A view of a display case with a green and a blue dress and a small uniform.
Photo: Erik Lernestål, Livrustkammaren/SHM (CC BY).
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Monarchy in the Time of Democracy

1907–present day

The majority of Swedish men were given the right to vote in 1909 and women in 1919 (in practice in 1921). This, combined with the rise of large popular movements – the labour movement, the free churches and the temperance movement – brought major changes in the direction of democracy.
Ett oavslutat broderi i flera färger.
Gustaf V was keen on emboidery. This is his last, unfinished, work. Photo: Helena Bonnevier, the Royal Armoury/SHM (CC BY-SA 4.0).

A King without power

The monarchy adapted to the change. Gustaf V had already decided at the beginning of the 20th century that he would not be crowned when he became King. This meant that he did not assert his power from God in a religious ceremony. When his son, Gustaf VI Adolf, took over almost 50 years later, he opened the door to even greater changes in the form of government.

Gustaf VI Adolf and Queen Louise together presented a more private picture of the royal family. They appeared more like ordinary people, who, by virtue of their position, performed certain tasks. In the 1960s, Queen Louise held tea parties at the Royal Palace for various professional women. The press dubbed this new form of reception “the Queen’s democratic tea parties”. After Louise’s death, Princess Sibylla continued to hold special tea parties until the early 1970s.

A blue uniform with white trimmings.
Uniform coat worn by Carl (XVI) Gustaf in 1949. Photo: Helena Bonnevier, the Royal Armoury/SHM (CC BY-SA 4.0).

A fatherless Prince

A few years after the Second World War, the line of succession to the throne appeared secure. The reigning King Gustaf V was elderly, but he was followed by three more generations of male heirs: Crown Prince Gustaf (VI) Adolf, his son, Prince Gustaf Adolf, and his grandson Carl (XVI) Gustaf.

In 1947, Crown Prince Gustaf Adolf was killed in an accident at Copenhagen Airport which took more than 20 lives. His left behind his wife Sibylla and five children, the youngest of which, Carl (XVI) Gustaf, had not reached the age of one. One successor was dead, and his son was a very little boy who would one day be King.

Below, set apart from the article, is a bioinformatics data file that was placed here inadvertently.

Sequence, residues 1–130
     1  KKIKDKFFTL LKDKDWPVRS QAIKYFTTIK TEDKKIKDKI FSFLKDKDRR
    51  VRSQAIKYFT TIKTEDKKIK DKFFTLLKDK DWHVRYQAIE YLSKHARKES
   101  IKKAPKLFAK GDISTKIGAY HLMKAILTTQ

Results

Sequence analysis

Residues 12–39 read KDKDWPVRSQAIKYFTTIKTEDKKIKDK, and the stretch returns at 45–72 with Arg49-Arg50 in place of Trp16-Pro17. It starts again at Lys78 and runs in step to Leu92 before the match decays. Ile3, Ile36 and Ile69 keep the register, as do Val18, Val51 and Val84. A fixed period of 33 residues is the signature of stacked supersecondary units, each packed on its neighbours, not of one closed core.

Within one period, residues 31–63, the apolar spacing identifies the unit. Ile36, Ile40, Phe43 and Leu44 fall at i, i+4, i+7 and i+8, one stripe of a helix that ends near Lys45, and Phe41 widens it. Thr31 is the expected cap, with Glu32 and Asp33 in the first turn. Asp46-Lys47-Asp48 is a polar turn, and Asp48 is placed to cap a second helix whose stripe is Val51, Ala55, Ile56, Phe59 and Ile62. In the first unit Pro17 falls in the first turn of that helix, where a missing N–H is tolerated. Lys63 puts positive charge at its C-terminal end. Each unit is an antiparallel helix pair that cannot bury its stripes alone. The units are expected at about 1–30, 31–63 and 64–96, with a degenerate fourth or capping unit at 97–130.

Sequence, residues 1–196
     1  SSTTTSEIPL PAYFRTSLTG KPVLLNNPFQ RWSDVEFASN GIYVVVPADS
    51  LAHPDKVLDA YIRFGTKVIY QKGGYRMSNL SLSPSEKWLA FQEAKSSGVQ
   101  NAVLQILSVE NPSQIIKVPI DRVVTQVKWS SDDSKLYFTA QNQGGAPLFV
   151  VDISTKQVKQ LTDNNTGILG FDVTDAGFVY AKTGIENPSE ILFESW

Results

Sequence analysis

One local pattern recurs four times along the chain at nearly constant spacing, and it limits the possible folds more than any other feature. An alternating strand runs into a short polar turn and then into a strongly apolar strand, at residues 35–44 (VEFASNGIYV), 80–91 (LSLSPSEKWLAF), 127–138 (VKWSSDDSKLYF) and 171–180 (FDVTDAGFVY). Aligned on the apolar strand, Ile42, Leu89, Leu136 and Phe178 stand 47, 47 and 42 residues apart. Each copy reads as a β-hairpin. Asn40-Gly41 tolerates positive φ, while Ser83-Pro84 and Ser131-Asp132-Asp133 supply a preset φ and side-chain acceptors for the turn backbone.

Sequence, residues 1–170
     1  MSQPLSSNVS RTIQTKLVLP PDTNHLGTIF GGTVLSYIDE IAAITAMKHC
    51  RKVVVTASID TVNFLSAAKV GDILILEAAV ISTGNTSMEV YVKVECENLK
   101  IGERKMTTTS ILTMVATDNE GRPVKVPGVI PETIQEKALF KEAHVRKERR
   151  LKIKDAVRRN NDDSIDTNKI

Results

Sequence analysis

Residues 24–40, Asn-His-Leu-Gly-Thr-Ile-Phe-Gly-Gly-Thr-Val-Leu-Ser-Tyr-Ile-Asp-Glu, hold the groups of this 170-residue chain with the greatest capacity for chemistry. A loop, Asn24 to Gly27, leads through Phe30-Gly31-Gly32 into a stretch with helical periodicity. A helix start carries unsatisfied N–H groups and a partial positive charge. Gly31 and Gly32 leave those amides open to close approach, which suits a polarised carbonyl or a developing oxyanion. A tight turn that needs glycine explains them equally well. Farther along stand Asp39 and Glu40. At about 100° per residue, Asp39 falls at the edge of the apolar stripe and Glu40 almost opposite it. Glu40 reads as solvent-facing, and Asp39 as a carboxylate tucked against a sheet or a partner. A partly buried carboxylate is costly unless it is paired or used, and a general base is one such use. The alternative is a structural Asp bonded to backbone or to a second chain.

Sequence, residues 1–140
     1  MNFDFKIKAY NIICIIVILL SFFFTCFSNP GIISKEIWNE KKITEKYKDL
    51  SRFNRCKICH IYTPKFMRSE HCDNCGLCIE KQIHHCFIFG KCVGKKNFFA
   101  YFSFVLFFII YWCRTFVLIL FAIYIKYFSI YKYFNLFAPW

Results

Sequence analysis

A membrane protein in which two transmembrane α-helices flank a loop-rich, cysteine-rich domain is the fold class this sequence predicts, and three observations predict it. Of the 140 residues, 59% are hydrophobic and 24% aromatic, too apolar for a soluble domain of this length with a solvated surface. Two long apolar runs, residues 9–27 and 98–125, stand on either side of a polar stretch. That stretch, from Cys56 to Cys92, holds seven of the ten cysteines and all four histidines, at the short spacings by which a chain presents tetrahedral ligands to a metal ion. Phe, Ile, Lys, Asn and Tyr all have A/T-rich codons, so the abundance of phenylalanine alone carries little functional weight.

When Gustaf VI Adolf died on 15 September 1973, Crown Prince Carl Gustaf became King of Sweden at the age of 27. At the council, he declared that his name would be Carl XVI Gustaf and that his title would be King of Sweden. He adopted “For Sweden – With the times” as his motto. Like his two immediate predecessors on the throne, he refrained from being crowned.

Female succession

Since the 16th century, Sweden has had only two reigning queens: Kristina and Ulrika Eleonora the Younger. Both became rulers because there were no male heirs. Neither of them remained on the throne for the rest of their life. Kristina abdicated in 1654 and handed over to her cousin. Ulrika Eleonora stepped down from the throne in 1720 in favour of her husband.

In the 1970s, the issue of equal succession began to be discussed. The first decision was taken in the Swedish parliament in 1978, and in 1980 the succession was formally introduced for both men and women. This meant that King Carl XVI Gustaf’s eldest child Victoria became heir to the throne at the age of three. This means that her daughter, Princess Estelle, is the first girl in Swedish history who was born as heir to the throne, with no strings attached.

A golden cradle.
The gild cradle with guarding angels is the only object in the Royal Armoury still in use. It is used when an heir to the throne is baptized. It was originally made for Karl XI in 1655 and was last used in 2012. Photo: Jens Mohr, the Royal Armoury/SHM (CC BY-SA 4.0).

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